We applied a generalized additive mixed model to estimate the association between working hours and the rate of each severity level of overwork-related CCVD separately. Suppose Yit is the number of cases of overwork-related CCVD at calendar year t in country i, then Yit follows a Poisson model with a mean parameter λit. The model is formulated as

$$\mathrm{log}({{\rm{\lambda }}}_{{\rm{it}}})={\rm{intercept}}+{\boldsymbol{\beta }}\times {\bf{X}}+{\rm{f}}({{\rm{Hour}}}_{{\rm{it}}})+{{\rm{\gamma }}}_{{\rm{i}}}+{\rm{offset}},\,{\rm{t}}=1,\,\ldots ,\,11;i=1,\,\ldots ,\,13,$$

where β is a coefficient vector for the linear independent variables in the vector X, including calendar year, the status of implementation of the new criteria or note, salary, and unemployment rate. A penalized cubic spline f(Hourit) was adopted to examine the nonlinear association between working hours and overwork-related CCVD. A random intercept γi at the level of industry group was appended in the model to take the heterogeneity among industries into account. The last offset term is the logarithm of employees in each year and each country.

The estimated cubic spline can be transformed into relative risk (RR) to demonstrate the excessive risk of overwork-related CCVD related to a specific number of working hours compared to the risk at the smallest number of working hours among the studied industries. Similarly, the random intercept at the industry group level can be transformed into RR to examine the excessive risk of overwork-related CCVD in each industry compared to the average of all the included industries. We performed the statistical analyses using RStudio version 1.0.143 (RStudio, Boston, Massachusetts, United States). The significance level is 0.05.

Ethical approval

This study has been by the Research Ethics Committee, China Medical University & Hospital, Taichung, Taiwan (No. CMUH106-REC1-010).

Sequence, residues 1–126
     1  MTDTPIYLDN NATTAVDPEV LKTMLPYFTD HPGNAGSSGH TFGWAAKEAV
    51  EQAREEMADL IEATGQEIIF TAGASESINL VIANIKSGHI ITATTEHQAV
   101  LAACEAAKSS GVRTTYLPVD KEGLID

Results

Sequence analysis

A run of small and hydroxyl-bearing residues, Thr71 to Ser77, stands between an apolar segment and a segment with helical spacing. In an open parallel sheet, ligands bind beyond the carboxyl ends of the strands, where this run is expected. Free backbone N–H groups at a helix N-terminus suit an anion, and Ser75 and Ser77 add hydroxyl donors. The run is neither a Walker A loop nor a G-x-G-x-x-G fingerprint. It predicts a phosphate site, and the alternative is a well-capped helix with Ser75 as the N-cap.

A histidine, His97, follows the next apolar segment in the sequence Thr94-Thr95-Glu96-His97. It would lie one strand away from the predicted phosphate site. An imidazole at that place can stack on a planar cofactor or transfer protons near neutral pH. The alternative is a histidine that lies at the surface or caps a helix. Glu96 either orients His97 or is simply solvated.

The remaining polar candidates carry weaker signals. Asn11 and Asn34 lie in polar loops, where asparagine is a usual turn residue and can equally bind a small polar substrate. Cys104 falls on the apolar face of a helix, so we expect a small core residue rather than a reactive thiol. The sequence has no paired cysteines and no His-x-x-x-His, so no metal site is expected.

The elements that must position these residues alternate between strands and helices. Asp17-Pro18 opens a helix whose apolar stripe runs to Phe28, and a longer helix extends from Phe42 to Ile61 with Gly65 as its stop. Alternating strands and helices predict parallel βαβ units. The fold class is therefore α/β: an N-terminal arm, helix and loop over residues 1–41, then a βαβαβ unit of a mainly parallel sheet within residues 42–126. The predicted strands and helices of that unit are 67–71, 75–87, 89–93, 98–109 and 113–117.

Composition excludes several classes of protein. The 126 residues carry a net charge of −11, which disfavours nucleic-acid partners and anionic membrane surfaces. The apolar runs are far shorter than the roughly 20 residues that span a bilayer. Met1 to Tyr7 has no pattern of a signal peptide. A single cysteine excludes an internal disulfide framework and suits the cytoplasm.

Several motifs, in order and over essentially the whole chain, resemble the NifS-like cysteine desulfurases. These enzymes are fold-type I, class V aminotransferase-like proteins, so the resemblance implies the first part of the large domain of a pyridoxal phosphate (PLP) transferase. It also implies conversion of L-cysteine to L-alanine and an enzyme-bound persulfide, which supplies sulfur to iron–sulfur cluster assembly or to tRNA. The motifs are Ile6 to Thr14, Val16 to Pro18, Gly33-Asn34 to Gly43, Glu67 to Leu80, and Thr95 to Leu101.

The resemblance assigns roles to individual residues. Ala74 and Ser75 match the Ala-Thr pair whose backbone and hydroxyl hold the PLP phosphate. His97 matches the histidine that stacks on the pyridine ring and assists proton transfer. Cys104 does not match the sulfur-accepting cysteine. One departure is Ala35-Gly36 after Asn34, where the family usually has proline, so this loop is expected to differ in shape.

Data availability

The datasets generated during and/or analyzed during the current study are publicly available from the website linkages in references.


Among the 13 industry groups studied for 2006–2016, the manufacturing group accounted for the largest proportion of the cumulative number of overwork-related CCVD cases (27.6%; Table 2). The next highest proportions were found in the “other” group (22.4%) and the transportation and information group (16.8%). The industries’ average number of annual CCVD cases shows a similar pattern. In terms of the rate of overwork-related CCVD, the mining group had the highest rate (30.3 per million employees per year), but it had only 2 cases. The second highest rate was found in the “other” group (21.1 per million employees per year), followed by the transportation and information group (16.9 per million employees per year), and the real estate group (14.9 per million employees per year). The 2 industry groups with the lowest rates were the finance and insurance group (1.1 per million employees per year) and the accommodation and food group (2.3 per million employees per year).

Table 2 Working hours and rates of overwork-related CCVD by industry group, 2006–2016.